Spring’s 3 Most Annoying Grassy Weeds

Poa Annua (annual bluegrass)

Poa Annua, also referred to as “annual bluegrass” is a native annual grass that germinates from September through December each fall. It prefers compacted soil, low areas, and shady areas that have poor soil (against sidewalks, driveways, and road edges). During March and April, it puts out its seed heads that look white from a distance. Once it hits 85 degrees, the Poa Annua dies off. It can’t be prevented from germination or controlled selectively in fescue lawns because it germinates during fescue germination season. It does NOT come from our grass seed. The best way to have less Poa is to aerate and overseed each fall.

Orchard Grass

Orchard Grass is a perennial grass that is native to our soils and is often used in pastures. It grows FAST and TALL in March and April and has a blue/green hue with white stems that look like they are pressed flat from a vise. Once air temps reach low 80s, its growth slows substantially, and it blends in with tall fescue. In other words, you won’t be able to differentiate orchard from tall fescue by May 1st. Orchard grass thrives in yards that have partial shade. The seed comes from our soils. There is ZERO orchard grass seed in our fescue seed blend. Unfortunately, there is no herbicide option to control it without killing the tall fescue.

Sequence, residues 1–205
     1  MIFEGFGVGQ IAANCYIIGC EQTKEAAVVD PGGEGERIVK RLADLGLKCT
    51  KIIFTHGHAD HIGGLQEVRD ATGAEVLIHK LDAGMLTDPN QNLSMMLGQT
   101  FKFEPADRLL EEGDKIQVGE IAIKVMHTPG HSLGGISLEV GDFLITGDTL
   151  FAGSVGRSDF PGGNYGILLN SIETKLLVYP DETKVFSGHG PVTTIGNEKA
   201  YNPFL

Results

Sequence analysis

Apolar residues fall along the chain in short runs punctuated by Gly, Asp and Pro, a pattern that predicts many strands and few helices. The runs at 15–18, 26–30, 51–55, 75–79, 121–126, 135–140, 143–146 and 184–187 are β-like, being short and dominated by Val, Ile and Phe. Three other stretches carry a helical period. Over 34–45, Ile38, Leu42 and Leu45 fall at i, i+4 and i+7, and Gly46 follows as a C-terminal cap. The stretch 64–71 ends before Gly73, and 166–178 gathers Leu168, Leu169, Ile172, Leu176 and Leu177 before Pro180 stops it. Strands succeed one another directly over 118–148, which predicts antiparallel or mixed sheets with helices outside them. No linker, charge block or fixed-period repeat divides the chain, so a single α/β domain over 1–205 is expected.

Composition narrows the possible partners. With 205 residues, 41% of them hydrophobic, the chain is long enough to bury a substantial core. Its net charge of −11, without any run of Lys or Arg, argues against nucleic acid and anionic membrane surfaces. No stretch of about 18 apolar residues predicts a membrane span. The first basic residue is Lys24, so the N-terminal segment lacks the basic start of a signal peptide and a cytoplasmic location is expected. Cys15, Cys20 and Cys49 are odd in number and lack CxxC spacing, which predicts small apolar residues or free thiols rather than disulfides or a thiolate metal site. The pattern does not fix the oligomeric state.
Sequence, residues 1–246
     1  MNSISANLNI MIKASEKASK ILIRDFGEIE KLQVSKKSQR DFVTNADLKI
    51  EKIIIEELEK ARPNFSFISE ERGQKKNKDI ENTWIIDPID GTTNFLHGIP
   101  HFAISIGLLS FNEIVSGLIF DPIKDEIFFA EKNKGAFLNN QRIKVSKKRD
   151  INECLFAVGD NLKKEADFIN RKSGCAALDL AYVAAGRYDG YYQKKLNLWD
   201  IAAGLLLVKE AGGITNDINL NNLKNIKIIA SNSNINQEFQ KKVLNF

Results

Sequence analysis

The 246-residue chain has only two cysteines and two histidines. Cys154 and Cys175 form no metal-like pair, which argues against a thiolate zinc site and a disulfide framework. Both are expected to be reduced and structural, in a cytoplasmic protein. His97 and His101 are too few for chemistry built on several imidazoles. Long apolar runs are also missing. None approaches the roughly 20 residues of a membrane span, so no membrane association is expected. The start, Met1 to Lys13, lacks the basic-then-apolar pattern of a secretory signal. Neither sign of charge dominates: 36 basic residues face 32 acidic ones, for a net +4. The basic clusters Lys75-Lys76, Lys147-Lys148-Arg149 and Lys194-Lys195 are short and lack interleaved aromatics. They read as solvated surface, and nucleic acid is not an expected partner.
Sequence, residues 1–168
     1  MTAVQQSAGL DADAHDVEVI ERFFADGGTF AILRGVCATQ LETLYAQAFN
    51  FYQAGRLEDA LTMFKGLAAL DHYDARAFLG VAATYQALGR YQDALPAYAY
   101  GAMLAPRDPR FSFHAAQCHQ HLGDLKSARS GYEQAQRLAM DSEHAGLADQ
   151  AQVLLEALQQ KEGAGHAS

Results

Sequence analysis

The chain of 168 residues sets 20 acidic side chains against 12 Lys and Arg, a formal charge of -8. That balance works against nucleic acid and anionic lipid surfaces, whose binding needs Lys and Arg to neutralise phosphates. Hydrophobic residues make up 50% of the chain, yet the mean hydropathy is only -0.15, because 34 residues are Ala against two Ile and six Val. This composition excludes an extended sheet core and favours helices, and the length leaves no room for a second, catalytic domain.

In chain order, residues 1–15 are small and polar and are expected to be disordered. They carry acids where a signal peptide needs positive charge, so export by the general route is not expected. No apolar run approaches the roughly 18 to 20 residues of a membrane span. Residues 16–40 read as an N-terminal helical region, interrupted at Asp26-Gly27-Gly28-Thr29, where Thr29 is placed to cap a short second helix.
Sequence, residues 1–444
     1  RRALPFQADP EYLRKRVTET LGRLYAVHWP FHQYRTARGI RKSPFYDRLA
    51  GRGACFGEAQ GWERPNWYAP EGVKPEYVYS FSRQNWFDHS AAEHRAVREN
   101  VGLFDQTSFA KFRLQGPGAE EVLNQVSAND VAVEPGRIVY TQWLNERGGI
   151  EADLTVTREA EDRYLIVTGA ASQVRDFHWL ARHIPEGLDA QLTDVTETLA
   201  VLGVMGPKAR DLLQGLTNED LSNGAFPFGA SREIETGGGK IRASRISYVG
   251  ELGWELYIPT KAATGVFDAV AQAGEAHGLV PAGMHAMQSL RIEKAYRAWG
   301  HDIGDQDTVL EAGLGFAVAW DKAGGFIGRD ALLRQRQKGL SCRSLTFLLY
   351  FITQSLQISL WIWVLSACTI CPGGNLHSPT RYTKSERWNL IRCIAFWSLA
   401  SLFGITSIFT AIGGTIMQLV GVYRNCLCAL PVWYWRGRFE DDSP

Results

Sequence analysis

Poa Trivialis (Poa triv)

Poa Trivialis (Poa triv) or “rough stalk perennial bluegrass” is almost yellow and grows in patches. It spreads by creeping stolons (above ground stems). It has almost zero heat tolerance and goes dormant once temps reach 90, especially in unirrigated lawns. It is almost never an issue in non-irrigated lawns because the summer heat kills it. Irrigated lawns provide just enough water during the heat to keep it alive all year. OVER IRRIGATED lawns have the majority of Poa Trivialis issues! If you have irrigation, make sure you let the soil surface dry out in between irrigation cycles. Try watering really heavily only 2 days a week to reduce your Poa triv issues in 2024! Poa triv will naturally grow slower and darken in May each year, but there is NO selective control that works well to remove it from fescue lawns. There is a growth regulator called “Anuew” that darkens the leaves and reduces the fast growth for about 4-6 weeks. We are currently testing this growth regulator, and if it is successful we will make that option available.